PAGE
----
Despite Twitter dying, SMU Athletics uses it to recruit
Since Twitter was initially founded in March 2006, the social media platform has earned more than 313 million monthly active users. While that number seems quite impressive, Twitter’s share price (NYSE: TWTR) has gradually declined since its initial public offering in 2013. Athletic departments at higher education institutions, like SMU, still use Twitter anyway to grow their fan base and draw in potential recruits.
Brooks Cockrell, Director of Creative Media for SMU Football, says Twitter is a great way to draw potential recruits to SMU. When deciding if something is “tweet-worthy” for the @SMU_Football account, he said they just have to determine if it’s something that would appeal to recruits and fans.
“As far as the SMU Football account is concerned, our main purpose is to attract potential student athletes to our program, while also appealing to our fan base,” Cockrell said. “A lot of times, these things overlap and we are able to show off unique aspects of our program for recruits as well as fans.”
SMU is not only using Twitter to recruit prospective students and athletes, but also as a tool to get donations. While trying to achieve both of these goals, SMU Twitter accounts can create a lot of noise amongst the Twitterverse. Between the five colleges and SMU’s main twitter account, they have accounted for nearly 40,000 tweets. That doesn’t even include the athletic teams’ Twitter accounts, which are each recruiting students on their own through over a collective 100,000 tweets.
Ashley Davis, a senior applied physiology and health management major, likes Twitter. She follows both the general SMU account (@SMU) and the football and men’s basketball accounts.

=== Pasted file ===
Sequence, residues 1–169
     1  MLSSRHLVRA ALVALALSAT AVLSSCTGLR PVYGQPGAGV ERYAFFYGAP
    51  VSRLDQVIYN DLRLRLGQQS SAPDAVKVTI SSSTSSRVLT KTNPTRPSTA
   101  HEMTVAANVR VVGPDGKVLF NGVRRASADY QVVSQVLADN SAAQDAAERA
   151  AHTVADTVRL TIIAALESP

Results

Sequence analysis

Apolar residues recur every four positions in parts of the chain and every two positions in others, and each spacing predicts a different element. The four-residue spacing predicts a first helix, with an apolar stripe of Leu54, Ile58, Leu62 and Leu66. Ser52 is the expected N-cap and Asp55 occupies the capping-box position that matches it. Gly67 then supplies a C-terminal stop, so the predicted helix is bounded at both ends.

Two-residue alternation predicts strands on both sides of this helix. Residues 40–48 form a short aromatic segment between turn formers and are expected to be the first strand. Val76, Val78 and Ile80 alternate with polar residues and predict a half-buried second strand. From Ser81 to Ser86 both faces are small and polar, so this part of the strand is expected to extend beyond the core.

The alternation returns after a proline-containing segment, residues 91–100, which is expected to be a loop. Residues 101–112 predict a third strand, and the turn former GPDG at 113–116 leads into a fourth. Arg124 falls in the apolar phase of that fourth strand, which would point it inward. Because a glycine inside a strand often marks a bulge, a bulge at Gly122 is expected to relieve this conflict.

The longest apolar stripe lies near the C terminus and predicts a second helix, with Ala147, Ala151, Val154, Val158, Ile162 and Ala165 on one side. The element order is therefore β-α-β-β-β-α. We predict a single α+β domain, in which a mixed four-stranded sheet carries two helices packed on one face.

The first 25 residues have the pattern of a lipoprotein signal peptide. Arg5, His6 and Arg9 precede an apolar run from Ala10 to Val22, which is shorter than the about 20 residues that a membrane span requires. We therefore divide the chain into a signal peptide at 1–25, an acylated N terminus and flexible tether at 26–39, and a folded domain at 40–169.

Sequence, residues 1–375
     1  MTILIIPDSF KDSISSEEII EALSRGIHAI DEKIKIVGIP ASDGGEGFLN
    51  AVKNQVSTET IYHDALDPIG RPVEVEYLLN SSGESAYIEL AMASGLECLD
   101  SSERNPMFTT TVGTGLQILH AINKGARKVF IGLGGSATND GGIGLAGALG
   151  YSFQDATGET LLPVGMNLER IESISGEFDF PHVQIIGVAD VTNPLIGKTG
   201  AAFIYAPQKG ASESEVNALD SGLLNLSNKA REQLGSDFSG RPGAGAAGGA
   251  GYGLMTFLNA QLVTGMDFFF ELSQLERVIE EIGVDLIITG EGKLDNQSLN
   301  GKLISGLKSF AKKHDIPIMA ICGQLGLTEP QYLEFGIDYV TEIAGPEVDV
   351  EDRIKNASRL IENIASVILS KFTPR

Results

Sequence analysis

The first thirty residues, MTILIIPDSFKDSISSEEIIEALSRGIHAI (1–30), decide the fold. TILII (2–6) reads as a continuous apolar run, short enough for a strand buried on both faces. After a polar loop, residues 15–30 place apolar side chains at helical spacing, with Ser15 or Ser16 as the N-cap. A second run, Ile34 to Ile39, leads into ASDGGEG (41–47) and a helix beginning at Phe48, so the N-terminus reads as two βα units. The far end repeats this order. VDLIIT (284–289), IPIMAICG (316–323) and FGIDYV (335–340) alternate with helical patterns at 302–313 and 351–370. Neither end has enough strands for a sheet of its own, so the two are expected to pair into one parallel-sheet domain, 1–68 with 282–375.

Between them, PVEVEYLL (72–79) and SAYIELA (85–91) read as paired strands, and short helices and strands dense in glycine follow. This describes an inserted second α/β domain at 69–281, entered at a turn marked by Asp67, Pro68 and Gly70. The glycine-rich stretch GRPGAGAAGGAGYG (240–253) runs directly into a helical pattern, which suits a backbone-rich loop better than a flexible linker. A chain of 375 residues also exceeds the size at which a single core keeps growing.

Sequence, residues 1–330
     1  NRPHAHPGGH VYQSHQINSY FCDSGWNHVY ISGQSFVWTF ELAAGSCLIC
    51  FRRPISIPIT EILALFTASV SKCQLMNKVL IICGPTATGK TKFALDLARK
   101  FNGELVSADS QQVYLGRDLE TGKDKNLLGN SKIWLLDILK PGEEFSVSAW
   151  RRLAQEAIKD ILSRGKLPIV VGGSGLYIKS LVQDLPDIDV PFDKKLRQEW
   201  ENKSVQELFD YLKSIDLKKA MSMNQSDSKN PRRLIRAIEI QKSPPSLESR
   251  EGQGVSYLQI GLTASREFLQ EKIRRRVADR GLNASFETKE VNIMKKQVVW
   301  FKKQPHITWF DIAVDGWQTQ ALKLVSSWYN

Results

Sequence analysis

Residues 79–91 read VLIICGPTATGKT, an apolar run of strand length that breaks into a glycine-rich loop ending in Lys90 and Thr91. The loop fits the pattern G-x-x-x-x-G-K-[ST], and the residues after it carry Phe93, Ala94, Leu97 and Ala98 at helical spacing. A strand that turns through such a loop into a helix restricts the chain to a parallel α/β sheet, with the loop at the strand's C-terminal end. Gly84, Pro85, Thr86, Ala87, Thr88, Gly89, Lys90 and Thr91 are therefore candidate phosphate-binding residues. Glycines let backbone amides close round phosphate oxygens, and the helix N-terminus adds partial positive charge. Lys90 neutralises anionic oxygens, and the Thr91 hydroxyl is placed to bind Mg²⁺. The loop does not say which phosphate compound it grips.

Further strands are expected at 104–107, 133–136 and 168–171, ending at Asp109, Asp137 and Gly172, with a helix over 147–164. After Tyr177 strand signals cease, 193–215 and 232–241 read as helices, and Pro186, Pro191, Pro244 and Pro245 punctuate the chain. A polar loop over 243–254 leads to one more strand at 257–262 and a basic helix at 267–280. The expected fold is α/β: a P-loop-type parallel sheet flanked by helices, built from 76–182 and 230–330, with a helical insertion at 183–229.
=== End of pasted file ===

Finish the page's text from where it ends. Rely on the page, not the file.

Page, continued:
“I like to keep updated on the teams and what they’re doing,” Davis said. “I also like to know what’s going on around school.”
Her favorite SMU tweet was by @SMU_Football, SMU’s official football account, back in January. @SMU_Football posted a tweet mocking the Los Angeles Chargers new logo. The Chargers’ logo and the SMU Football tweet are below. Cockrell said this tweet really blew up out of the blue, earning more than 5,000 likes and nearly 2,500 retweets.
“We noticed that a few pro team accounts had jumped on the trend of making fun of the new logo and decided we would join in,” Cockrell said. “It was a really simple tweet that ended up taking off as one of our most popular tweets from the football account.”
This tweet amused far more people than just Davis. The tweet was so popular that even the Dallas Stars Twitter account joined in on the fun, mocking the Dallas Cowboys logo.
Fun tweets aside, SMU athletics just isn’t reaching the bar that Davis wants to see. She thinks that overall, the SMU athletic accounts don’t tweet enough.
“Ohio State Athletics has a great social media presence,” Davis said.
Davis is right: Ohio State Athletics (@OhioStAthletics) has 426,000 followers and 44,100 tweets in comparison to SMU’s general athletics Twitter account (@SMUMustangs) with only 16,500 followers and 10,400 tweets. It is important to take into consideration that Ohio State has more than 45,000 undergraduate students in comparison to SMU’s undergraduate enrollment of about 6,400.
Comparing apples to apples, SMU’s football and men’s basketball Twitter accounts each tweet more than the general SMU athletics account. SMU football even has 500 more followers than SMU athletics.
“Our coaches are constantly getting positive feedback from high school coaches about our social media presence,” Cockrell said. “We also enjoy engaging with our fan base whenever possible, because interacting with our fans is really important in making them a part of our program just by being accessible.”